Finding Mr Gold, the rarest LEGO Collectible Minifigure
It was the year 2013, and Series 10 of the LEGO Group’s Collectible Minifigures theme was released. It was packed with its usual 16 characters including Medusa, Paintball Player, and Tomahawk Warrior. But this year would be different. To celebrate its 10th series, the LEGO Group created a special chase minifigure – Mr Gold.
Only 5,000 copies of this golden minifigure were made. Distributed randomly around the world among the other figures from the series, the search was on. I can remember feeling the blind bags with my fingers, just hoping I would be lucky enough to find him. I had pretty much given up all hope. But one trip to the grocery store changed everything…
I was around the age of 12 or 13 at the time, and I was as into LEGO as I ever had been. Going to the store to feel minifigures was common practice. At that age, I thought nothing of loudly cracking the plastic bags with my fingers, trying at all costs to avoid duplicates. On this particular day, my mother was headed to the grocery store.
The grocery store isn’t exactly a fun place, so I was just going to stay at home. But then she mentioned that they had minifigures there, so I decided to tag along and give it another shot.
Series 10 had been out for some time, and I hadn’t found a Mr Gold yet. So off I went to the toy aisle and started feeling away. I had most of the minifigures I wanted from the series, so I was only looking for the minifigure I was least likely to find. I went through a few bags with little luck, until I almost had a heart attack. My fingers had found what had to be a lightsaber piece… then a rod… a diamond. I had found Mr. Gold.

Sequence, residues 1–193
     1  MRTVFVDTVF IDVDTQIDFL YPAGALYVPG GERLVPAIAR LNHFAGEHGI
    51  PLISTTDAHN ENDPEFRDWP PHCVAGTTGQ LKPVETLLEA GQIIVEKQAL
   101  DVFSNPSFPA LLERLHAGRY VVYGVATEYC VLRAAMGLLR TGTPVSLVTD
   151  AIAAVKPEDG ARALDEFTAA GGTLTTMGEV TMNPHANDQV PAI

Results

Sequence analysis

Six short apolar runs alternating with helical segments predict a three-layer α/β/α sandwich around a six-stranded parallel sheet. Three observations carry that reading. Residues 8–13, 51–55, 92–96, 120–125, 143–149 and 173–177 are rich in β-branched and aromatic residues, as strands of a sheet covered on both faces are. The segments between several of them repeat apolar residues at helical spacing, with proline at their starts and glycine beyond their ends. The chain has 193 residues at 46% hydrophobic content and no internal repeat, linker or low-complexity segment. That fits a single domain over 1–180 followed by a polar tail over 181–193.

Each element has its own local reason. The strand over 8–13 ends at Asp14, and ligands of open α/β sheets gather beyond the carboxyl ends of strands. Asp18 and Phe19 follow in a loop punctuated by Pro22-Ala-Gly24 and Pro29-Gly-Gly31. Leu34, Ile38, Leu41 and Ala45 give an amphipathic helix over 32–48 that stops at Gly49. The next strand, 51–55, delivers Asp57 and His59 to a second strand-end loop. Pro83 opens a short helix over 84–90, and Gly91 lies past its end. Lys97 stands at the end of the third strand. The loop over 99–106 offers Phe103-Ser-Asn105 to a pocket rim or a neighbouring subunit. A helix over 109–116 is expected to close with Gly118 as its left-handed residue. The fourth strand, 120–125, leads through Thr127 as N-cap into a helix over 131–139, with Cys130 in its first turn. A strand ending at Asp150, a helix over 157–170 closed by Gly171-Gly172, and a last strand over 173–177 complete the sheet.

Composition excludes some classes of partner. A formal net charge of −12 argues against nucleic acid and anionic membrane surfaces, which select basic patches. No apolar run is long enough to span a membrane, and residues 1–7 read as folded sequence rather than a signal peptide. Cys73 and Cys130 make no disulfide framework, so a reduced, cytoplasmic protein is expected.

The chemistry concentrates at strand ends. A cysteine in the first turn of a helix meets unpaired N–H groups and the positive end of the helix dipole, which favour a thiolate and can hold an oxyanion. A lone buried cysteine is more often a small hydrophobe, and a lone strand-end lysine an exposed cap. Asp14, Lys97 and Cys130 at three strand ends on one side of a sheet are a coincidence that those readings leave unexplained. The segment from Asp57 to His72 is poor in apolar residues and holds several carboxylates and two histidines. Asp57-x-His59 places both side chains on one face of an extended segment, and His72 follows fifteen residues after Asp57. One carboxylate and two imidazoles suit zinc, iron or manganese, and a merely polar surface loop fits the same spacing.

It felt like the moment when Charlie found the Golden Ticket – I was about ready to lose my mind! I clutched it in my fingers as if I didn’t hold it tight enough, I would lose the rarest minifigure I had ever found. When we were finally ready to check out, I watched the store checker as they scanned my precious $2.99 minifigure, making sure they didn’t mess anything up or lose it.
I used to open my minifigure packs in the car, but I didn’t want to risk losing any pieces. The moment we got home, I carefully opened the bag to find a shiny Mr. Gold inside!
If I hadn’t gone to the grocery store, I never would have acquired this very special LEGO character. Today my Mr Gold is inside a minifigure display case, inside of a plastic storage container.
I try to limit my contact with the figure so I don’t accidently do anything to it. When I tell people I have a real Mr Gold, they don’t always believe me. There are many cheap knockoff versions on the internet that don’t look half bad. While the figure is quite valuable (between $2,000 and $5,000 according to BrickLink) I would never sell mine. Every time I look at it I remember the story of how I found it and feel the joy that memory brings.